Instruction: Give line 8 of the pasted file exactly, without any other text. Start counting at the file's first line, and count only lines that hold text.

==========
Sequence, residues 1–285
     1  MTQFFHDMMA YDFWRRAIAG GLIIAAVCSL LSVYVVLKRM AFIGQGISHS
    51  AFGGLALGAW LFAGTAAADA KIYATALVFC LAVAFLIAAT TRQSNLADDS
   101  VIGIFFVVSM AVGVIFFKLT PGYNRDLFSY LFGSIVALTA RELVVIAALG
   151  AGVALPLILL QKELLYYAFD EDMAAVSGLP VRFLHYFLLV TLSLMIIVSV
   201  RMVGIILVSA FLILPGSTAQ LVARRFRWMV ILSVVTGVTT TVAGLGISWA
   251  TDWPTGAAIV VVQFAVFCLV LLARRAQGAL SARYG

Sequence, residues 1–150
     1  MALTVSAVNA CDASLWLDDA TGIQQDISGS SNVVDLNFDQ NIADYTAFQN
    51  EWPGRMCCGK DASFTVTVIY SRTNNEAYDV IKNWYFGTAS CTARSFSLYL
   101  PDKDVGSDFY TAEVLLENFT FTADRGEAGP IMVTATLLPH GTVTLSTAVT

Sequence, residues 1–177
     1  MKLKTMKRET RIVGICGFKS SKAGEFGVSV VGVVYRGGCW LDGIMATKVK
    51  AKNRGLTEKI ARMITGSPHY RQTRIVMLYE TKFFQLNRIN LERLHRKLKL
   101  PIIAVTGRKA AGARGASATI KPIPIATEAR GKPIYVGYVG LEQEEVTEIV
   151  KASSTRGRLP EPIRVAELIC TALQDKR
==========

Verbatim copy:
Sequence, residues 1–150